Lab-Grown Diamonds


    In News

    • Finance Minister Nirmala Sitharaman announced in the budget 2023-24, the government’s proposal to focus on lab-grown diamonds by reducing the Customs duty on the seeds used in lab-grown diamond manufacturing.
      • FM also announced a grant to IITs to facilitate the growth of Lab-Grown Diamonds in India.
    • This will encourage the indigenous production of LGD seeds, machines and to reduce import dependency.

    Lab-Grown Diamonds

    • About: 
      • Lab-grown diamonds (LGD) are diamonds that are produced in laboratories, using specific technology which mimics the geological processes that grow natural diamonds.
    • Production Process of LGDs:
      • LGDs are mostly manufactured through two processes – high pressure, high temperature (HPHT) method or Chemical Vapour Deposition (CVD) method.
      • High pressure, high temperature (HPHT) method: HPHT method requires extremely heavy presses that can produce up to 730,000 psi of pressure under extremely high temperatures (at least 1500 celsius)
        • Usually graphite is used as the “diamond seed” and when subjected to these extreme conditions, the relatively inexpensive form of carbon turns into one of the most expensive carbon forms.
      • Chemical Vapor Deposition (CVD)method: A thin slice of diamond seed is placed in a sealed chamber and heated to around 800 degrees celsius, and then the chamber is filled with other carbon rich gases such as methane
        • The gases are ionised into plasma using microwaves, lasers, and other techniques. The ionisation breaks down the gases and allows the carbon to merge with the diamond seed, growing the diamond up layer by layer.
      • Both HPHT and CVD methods of growing diamonds artificially begin with a seed — a slice of another diamond.
    • Applications:
      • LGDs have basic properties similar to natural diamonds, including their optical dispersion, which provide them the signature diamond sheen. However, since they are created in controlled environments, many of their properties can be enhanced for various purposes.
      • LGDs are most often used for industrial purposes, in machines and tools. Their hardness and extra strength make them ideal for use as cutters.
      • Pure synthetic diamonds have high thermal conductivity, but negligible electrical conductivity. This combination is invaluable for electronics where such diamonds can be used as a heat spreader for high-power laser diodes, laser arrays and high-power transistors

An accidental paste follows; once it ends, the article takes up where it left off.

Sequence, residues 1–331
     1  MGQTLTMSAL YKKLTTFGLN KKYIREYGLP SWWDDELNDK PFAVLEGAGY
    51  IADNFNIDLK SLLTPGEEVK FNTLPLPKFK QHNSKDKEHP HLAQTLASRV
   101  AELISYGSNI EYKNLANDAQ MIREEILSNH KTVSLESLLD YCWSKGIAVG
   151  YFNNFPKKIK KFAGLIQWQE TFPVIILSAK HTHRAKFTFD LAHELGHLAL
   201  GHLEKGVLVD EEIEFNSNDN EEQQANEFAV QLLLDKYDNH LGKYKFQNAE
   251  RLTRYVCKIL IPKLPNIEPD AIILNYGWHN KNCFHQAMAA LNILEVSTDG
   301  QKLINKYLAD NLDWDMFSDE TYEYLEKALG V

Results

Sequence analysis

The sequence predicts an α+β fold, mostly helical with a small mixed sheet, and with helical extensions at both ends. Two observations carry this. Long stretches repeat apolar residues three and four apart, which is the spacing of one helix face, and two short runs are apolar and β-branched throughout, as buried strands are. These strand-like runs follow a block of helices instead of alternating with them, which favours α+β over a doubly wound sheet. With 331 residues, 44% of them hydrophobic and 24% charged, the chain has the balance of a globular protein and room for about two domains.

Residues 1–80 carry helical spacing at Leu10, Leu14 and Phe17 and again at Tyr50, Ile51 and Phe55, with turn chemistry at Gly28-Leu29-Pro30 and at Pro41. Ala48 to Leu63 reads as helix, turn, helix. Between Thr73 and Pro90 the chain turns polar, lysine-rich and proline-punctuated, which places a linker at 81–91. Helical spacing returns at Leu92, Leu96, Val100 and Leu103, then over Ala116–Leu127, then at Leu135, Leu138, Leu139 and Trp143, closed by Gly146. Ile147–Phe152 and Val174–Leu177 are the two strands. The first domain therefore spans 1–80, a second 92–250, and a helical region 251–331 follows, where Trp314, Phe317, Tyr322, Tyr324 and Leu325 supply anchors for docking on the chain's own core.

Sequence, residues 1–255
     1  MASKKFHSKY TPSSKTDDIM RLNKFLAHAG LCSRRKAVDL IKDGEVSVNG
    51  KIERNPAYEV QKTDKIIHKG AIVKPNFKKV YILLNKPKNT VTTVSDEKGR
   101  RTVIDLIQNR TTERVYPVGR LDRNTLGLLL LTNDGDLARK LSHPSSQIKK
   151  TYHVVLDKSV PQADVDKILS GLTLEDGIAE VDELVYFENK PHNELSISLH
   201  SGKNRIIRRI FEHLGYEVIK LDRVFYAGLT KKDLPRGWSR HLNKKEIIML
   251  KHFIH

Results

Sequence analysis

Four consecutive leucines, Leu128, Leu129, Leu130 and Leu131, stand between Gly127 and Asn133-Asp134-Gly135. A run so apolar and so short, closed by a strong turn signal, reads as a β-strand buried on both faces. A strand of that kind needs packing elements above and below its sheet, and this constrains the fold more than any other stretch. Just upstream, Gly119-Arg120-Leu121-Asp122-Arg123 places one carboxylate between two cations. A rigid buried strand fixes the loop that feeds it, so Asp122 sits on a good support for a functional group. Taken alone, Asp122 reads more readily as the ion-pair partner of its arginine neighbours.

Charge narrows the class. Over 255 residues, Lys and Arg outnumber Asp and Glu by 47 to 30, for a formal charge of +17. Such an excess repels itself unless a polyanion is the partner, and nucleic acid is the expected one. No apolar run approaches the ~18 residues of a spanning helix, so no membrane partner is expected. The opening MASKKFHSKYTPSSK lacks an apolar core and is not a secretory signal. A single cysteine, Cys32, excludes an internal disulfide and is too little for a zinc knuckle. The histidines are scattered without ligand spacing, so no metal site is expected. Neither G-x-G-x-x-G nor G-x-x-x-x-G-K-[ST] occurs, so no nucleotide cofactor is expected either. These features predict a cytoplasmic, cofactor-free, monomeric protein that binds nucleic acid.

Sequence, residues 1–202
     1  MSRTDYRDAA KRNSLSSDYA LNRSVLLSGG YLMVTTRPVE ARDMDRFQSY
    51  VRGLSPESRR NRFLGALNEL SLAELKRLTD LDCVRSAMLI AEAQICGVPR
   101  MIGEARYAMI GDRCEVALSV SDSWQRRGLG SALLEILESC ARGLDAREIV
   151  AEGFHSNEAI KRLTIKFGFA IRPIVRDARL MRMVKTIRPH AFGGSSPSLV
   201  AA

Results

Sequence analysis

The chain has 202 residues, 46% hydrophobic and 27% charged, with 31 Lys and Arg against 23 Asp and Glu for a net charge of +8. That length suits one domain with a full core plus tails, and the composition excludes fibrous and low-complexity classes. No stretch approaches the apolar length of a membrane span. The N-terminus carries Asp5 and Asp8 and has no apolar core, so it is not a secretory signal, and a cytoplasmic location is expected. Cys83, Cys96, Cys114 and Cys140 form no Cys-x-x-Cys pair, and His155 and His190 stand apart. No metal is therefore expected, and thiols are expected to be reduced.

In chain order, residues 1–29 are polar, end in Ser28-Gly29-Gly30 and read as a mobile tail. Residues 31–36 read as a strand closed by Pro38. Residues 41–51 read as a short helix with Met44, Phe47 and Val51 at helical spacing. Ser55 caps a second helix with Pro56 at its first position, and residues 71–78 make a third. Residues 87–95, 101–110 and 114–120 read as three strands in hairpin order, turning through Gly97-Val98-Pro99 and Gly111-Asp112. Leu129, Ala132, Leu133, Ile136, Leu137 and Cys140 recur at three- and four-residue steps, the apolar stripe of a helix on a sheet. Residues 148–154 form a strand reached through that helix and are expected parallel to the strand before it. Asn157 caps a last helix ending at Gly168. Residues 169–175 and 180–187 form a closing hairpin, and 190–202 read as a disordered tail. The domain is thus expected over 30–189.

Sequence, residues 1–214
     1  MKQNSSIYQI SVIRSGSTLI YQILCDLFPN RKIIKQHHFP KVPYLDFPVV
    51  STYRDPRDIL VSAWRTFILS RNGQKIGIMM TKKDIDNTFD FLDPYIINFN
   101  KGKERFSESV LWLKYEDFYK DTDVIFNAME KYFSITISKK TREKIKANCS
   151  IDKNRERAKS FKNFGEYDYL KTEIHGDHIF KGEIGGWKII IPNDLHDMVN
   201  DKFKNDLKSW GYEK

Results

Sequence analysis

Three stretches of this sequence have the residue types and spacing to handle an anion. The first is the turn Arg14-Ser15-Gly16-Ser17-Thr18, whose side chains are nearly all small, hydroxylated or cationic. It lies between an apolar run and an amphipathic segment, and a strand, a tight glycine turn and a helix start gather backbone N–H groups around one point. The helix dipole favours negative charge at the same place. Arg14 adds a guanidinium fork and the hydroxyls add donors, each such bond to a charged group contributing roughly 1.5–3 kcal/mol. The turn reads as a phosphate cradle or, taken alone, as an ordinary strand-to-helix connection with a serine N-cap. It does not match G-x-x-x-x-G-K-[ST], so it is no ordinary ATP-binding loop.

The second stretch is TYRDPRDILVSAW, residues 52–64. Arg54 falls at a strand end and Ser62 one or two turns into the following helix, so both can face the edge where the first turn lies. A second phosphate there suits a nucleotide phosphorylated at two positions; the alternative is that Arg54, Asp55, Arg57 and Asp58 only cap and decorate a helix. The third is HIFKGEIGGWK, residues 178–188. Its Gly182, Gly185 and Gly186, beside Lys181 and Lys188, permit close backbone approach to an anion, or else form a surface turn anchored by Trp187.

Advantages of LGDs

    • The environmental footprint of a diamond grown in a laboratory is much lesser than that of a naturally-occurring diamond.A report by Diamond Foundry states that  it takes ten times more energy to extract a natural diamond from the earth than it takes in creating one above the ground
    • Since LGD’s are lab grown,they can be customised to improve properties that are specific to the application.Ex: hardness in industrial applications can be prioritised over optical or chemical properties. 

    Indian diamond industry 

    • Diamond occurs in two types of deposits, primarily in igneous rocks of basic or ultrabasic composition and in alluvial deposits derived from the primary sources.
    • Diamond fields of India are grouped into four regions:
      • South Indian tract of Andhra Pradesh,comprising parts of Anantapur, Kadapa,Guntur, Krishna, Mahabubnagar and Kurnool districts;
      • Central Indian tract of Madhya Pradesh, comprising Panna belt;
      • Behradin-Kodawali area in Raipur district and Tokapal, Dugapal, etc. areas in Bastar district of Chhattisgarh; and
      • Eastern Indian tract mostly of Odisha,lying between Mahanadi and Godavari valleys.
    • India is the world’s largest cutting and polishing center for diamonds,accounting for over 90% of polished diamond manufacturing globally.India exports more than 75% of the world’s polished diamond, gems and jewellery. 
    • India depends largely on imports of rough gem diamonds for its Cutting and Polishing Industry as there is no notable production except for one producer in Madhya Pradesh.
    • Diamond cutting and polishing is one of the fastest-growing sectors, mostly export-oriented and being labour intensive employs more than 5 million people,contributing around 7% to the country’s GDP and 15% to India’s total merchandise export
    • Attributing factors: Well supported by government policies since it earns foreign exchange, easy availability of high skilled labour, cutting-edge technology and lower costs involved.
    • Challenges: Uncertainty in Supply of Raw Material, Unorganised Market consisting family owned firms,Expected Rise in Diamond Prices and Falling International Demand and Competition from China are some of the factors plaguing the industry.

    Source: IE